Your website should also clearly communicate the parameters and limitations of your service while also emphasizing what you do offer. It’s frustrating for a customer to choose a cart full of products only to learn at checkout that you don’t deliver to that customer’s address. A friendly and informative page for frequently asked questions can help to clear up many of these misunderstandings.
Grocery Delivery Storage
Even though your grocery delivery business will take orders online, you will still pack and deliver from a brick-and-mortar location. Unlike specialty art purchased online, groceries are typically purchased because a customer has an immediate or short-term need. You can wait a few extra days to receive an urn or a painting, but if your grocery delivery is delayed, you still have to figure out what to eat for dinner. For this reason, it is critical to have enough inventory on hand to fill orders without having to wait for your stock to be replenished.
At the same time, if you order too much of a perishable product and your customers don’t order enough of the item, you’ll likely get stuck with items that have passed their pull date. You can still sell products that are close to their expiration dates, but doing so could have an effect on your ability to attract repeat customers because if their food turns bad before they can eat it, they’ll be unlikely to order from you again.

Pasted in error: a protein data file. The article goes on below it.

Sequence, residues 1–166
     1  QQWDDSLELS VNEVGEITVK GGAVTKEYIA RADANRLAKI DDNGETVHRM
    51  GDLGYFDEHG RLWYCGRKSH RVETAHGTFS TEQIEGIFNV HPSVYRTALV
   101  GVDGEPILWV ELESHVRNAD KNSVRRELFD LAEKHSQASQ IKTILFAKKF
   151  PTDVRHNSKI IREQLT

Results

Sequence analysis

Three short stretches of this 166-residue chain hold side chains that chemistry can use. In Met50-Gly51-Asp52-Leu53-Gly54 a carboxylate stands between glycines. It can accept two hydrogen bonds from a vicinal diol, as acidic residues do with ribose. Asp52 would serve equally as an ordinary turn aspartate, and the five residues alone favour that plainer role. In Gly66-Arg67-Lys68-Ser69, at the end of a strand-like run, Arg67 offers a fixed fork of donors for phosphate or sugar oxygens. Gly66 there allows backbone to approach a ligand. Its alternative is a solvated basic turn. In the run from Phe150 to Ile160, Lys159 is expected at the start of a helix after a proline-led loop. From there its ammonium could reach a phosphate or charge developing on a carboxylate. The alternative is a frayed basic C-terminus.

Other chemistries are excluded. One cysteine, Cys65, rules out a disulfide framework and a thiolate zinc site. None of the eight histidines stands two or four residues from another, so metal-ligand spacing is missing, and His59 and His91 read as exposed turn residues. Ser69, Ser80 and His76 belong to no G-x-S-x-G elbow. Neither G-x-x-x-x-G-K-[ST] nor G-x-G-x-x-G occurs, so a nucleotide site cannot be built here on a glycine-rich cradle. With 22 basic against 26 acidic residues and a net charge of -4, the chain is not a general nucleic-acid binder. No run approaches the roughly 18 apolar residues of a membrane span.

You’ll certainly need enough shelving and grocery space to hold and rotate your inventory. If your business sells refrigerated and frozen offerings, you’ll also need commercial refrigerators and freezers, which can be expensive. Assess your needs realistically and try to find a sweet spot between taxing your resources by building too much capacity and limiting your growth potential by not planning for enough.
Planning Grocery Delivery Routes
The delivery arm of your business is your most tangible point of contact with customers. People order online groceries primarily for the convenience, so your delivery schedule should be convenient for your clientele. At the same time, be wary of overcommitting to meet your customers’ needs if doing so creates an unsustainable business model. It may be ideal for your customers if you have a delivery truck in every neighborhood for every two-hour window, but doing so would probably be prohibitively expensive for your business.
You can either take the trouble to schedule delivery times when your customers will be at home or you can use a system for leaving food, ideally in a cooler if the items you deliver are perishable. However, leaving grocery deliveries unattended can be problematic if customers live in areas with high crime rates. In addition, if customers live in apartments, you may have trouble gaining access to leave groceries by their door.
Pack orders so the first bags and boxes you deliver will be the most accessible. If you offer shelf-stable, refrigerated and frozen items as part of the same deliveries, develop a system for keeping track of an order’s different components and retrieving them efficiently at each stop. Track the time it takes to deliver each order and figure these costs into your margins and projections.
Grocery Delivery Business Models